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Forum topic by 000 posted 08-19-2017 08:48 PM 1305 views 0 times favorited 13 replies Add to Favorites Watch
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000

2859 posts in 1671 days


08-19-2017 08:48 PM

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13 replies so far

View MrUnix's profile

MrUnix

8089 posts in 2971 days


#1 posted 08-19-2017 08:52 PM

Breakers are not designed to be used as a light switch :)

Cheers,
Brad

-- Brad in FL - In Dog I trust... everything else is questionable

View Gilley23's profile

Gilley23

489 posts in 1154 days


#2 posted 08-19-2017 09:10 PM

I can’t tell by that picture, but that breaker probably isn’t rated for switch use. However, there are breakers rated to be used as switches and the one that you replace that one with should be just that.

View Fred Hargis's profile

Fred Hargis

6240 posts in 3265 days


#3 posted 08-19-2017 09:10 PM

I stand corrected about the switching function….still learning.

-- Our village hasn't lost it's idiot, he was elected to congress.

View becikeja's profile

becikeja

1108 posts in 3585 days


#4 posted 08-19-2017 09:39 PM

Actually 10, 15, and 20 amp breakers used in your home are designed to be used as a switch. You will notice on the side SWD rated. This means the device is switching duty rated and must pass 10,000 operations. Larger breakers are not. The 10,000 on the side of the breaker represents AIR rating so don’t confuse the two. These are different ratings.

Looking at your breaker, you obviously had an over current situation. Most likely caused by stresses over time in the connection to the bus caused by the switching. The breaker only senses current on the load side not the line side. This fault was on the line side. I hope the main breaker feeding the bus tripped, if not, you escaped a potential fire, and I would I get the main replaced quickly.

-- Don't outsmart your common sense

View William Shelley's profile

William Shelley

609 posts in 2241 days


#5 posted 08-19-2017 11:19 PM

Fun fact: you can use an infrared camera to find breakers that are potentially going to fail soon. They will be much warmer (assuming relatively equal loads on all circuits)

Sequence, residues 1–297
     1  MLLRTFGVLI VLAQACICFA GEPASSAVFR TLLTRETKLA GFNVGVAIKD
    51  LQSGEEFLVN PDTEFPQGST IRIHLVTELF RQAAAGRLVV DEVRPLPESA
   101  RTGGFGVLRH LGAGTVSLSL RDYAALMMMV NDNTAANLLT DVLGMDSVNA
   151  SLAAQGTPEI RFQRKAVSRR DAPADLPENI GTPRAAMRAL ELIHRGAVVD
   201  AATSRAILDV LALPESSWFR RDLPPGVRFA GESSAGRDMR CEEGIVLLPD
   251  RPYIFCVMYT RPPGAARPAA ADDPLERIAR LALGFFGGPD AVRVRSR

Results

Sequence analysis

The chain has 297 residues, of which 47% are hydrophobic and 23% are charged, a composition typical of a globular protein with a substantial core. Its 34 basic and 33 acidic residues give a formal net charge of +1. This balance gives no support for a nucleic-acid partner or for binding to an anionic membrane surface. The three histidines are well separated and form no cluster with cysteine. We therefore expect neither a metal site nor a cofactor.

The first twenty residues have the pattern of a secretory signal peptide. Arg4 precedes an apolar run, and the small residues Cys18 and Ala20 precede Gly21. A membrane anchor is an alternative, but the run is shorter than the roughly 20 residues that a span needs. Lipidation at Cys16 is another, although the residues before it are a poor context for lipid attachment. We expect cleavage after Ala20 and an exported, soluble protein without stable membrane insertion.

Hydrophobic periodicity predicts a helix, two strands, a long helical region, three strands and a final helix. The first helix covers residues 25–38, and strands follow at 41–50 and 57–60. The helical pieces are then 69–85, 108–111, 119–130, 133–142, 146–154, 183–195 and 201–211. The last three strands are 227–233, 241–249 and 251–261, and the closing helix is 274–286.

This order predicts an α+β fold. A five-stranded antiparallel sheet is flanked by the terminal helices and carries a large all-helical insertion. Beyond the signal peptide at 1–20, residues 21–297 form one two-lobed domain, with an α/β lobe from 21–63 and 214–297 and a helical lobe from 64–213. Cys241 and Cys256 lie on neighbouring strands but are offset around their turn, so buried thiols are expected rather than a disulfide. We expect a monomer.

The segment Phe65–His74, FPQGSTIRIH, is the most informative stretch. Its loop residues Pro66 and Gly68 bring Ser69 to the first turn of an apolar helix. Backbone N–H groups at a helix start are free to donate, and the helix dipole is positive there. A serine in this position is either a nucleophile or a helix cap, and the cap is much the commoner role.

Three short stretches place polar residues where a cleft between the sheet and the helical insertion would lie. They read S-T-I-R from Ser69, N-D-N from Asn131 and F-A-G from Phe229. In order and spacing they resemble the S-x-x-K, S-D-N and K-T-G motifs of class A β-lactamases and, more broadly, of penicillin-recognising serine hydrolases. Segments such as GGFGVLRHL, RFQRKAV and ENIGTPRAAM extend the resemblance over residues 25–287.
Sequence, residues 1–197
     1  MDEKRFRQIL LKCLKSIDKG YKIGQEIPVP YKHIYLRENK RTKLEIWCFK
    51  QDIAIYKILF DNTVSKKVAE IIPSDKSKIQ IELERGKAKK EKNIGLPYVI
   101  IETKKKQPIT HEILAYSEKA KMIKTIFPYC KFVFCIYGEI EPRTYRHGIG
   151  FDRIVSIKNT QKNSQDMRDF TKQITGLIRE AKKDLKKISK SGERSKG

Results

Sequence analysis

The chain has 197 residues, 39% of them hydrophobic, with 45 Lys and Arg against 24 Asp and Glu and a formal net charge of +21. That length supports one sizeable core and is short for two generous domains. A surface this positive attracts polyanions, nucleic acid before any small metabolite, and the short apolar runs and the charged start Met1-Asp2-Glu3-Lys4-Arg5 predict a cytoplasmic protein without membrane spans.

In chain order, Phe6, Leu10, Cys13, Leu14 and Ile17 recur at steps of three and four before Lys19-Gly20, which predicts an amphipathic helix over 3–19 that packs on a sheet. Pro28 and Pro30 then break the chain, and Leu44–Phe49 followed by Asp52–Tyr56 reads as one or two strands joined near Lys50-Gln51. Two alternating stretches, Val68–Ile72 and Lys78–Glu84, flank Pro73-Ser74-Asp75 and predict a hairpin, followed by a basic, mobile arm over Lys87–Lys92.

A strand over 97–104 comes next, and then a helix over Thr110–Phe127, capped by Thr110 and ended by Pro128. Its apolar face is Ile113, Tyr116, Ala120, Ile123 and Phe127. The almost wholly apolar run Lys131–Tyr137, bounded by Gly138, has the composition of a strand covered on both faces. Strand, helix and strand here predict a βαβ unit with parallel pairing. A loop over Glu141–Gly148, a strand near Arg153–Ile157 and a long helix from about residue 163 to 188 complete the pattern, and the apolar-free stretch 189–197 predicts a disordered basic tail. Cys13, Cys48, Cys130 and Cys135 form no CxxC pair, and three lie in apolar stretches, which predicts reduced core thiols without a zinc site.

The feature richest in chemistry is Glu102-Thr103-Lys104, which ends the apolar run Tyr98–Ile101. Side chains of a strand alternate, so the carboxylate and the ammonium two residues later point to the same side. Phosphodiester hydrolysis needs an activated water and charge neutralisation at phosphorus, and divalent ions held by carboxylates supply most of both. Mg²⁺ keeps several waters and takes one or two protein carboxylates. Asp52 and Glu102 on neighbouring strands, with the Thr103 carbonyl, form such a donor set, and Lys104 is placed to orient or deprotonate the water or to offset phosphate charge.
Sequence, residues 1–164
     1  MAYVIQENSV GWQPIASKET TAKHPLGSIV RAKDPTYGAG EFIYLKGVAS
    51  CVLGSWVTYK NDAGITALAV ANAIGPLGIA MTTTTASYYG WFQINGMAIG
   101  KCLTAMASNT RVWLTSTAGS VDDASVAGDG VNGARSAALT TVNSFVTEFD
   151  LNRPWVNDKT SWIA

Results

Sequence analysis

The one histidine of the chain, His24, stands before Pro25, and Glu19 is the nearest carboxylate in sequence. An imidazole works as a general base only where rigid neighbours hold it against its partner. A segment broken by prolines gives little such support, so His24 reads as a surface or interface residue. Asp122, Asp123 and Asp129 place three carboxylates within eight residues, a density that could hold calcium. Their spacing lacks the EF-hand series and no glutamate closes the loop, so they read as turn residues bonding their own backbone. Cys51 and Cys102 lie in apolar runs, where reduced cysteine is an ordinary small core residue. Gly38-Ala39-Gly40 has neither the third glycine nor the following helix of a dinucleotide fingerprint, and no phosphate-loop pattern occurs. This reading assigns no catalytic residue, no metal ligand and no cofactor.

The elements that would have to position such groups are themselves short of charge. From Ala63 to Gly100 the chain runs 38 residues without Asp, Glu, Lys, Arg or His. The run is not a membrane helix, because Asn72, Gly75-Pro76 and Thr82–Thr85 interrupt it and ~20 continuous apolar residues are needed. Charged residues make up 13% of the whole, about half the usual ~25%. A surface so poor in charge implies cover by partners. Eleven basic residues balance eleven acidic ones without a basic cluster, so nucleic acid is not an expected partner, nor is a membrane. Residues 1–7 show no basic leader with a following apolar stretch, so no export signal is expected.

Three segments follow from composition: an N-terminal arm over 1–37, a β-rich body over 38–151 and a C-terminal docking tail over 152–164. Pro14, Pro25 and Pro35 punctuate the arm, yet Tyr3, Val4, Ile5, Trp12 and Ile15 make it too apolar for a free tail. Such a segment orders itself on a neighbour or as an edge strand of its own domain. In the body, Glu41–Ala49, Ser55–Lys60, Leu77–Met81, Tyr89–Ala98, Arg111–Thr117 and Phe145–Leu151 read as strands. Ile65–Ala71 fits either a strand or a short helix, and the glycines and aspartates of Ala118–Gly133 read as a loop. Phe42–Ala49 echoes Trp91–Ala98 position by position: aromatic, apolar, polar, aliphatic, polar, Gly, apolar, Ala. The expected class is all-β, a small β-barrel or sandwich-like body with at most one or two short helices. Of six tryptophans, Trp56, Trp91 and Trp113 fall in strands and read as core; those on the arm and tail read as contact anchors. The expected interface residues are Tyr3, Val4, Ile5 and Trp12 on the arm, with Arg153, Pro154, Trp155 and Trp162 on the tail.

-- Woodworking from an engineer's perspective

View TheFridge's profile

TheFridge

10859 posts in 2258 days


#6 posted 08-19-2017 11:41 PM

Bad connection to the bus and/or contact in breaker. Will cook itself out over time. A hot breaker is the first sign. Not coming back on losing continuity across it is obviously the last.

An overload of the breaker can make it burn out faster but it doesn’t really matter if it has good contact.

-- Shooting down the walls of heartache. Bang bang. I am. The warrior.

View 000's profile

000

2859 posts in 1671 days


#7 posted 08-20-2017 12:20 AM

I think it was a little of everything.
I did notice it being warmer the last couple of weeks.
I also noticed it being loose when switching off and on.

I’ll replace it with a SWD rated breaker.

Thank you all for the responses.

View Redoak49's profile

Redoak49

4731 posts in 2760 days


#8 posted 08-20-2017 12:23 AM

Why would you continue to use a breaker that was getting warm and loose??

I think you are very fortunate.

View firefighterontheside's profile

firefighterontheside

21045 posts in 2628 days


#9 posted 08-20-2017 12:32 AM

I would say it’s a good time to switch to LEDs.

-- Bill M. "People change, walnut doesn't" by Gene.

View 000's profile

000

2859 posts in 1671 days


#10 posted 08-20-2017 01:00 AM

Could be Bill

View Bill Berklich's profile

Bill Berklich

1108 posts in 1160 days


#11 posted 08-20-2017 02:29 AM



I would say it s a good time to switch to LEDs.

- firefighterontheside

Ditto on the LED suggestion. I just swapped 150W incandescents for 30W LEDs and boy what a difference! So worth the price just in light output not to mention the power savings. And reduced circuit load.

-- Bill - Rochester MI

View Sparks500's profile

Sparks500

277 posts in 1102 days


#12 posted 08-20-2017 12:51 PM

Thats a constant high load and the heat weakened the spring. Hope it didn’t damage that panel bus.
Ditto on LEDs.
Using them as a switch usually won’t wear out that part of the breaker, but will the actual switching mechanism.

-- A good day is any day that you're alive....

View Kelly's profile

Kelly

3006 posts in 3716 days


#13 posted 08-21-2017 03:27 AM

I use my infrared thermometer and it detects differences between an open breaker and one running a load. It or the camera is a great way to monitor cable temps and such.


Fun fact: you can use an infrared camera to find breakers that are potentially going to fail soon. They will be much warmer (assuming relatively equal loads on all circuits)

- William Shelley


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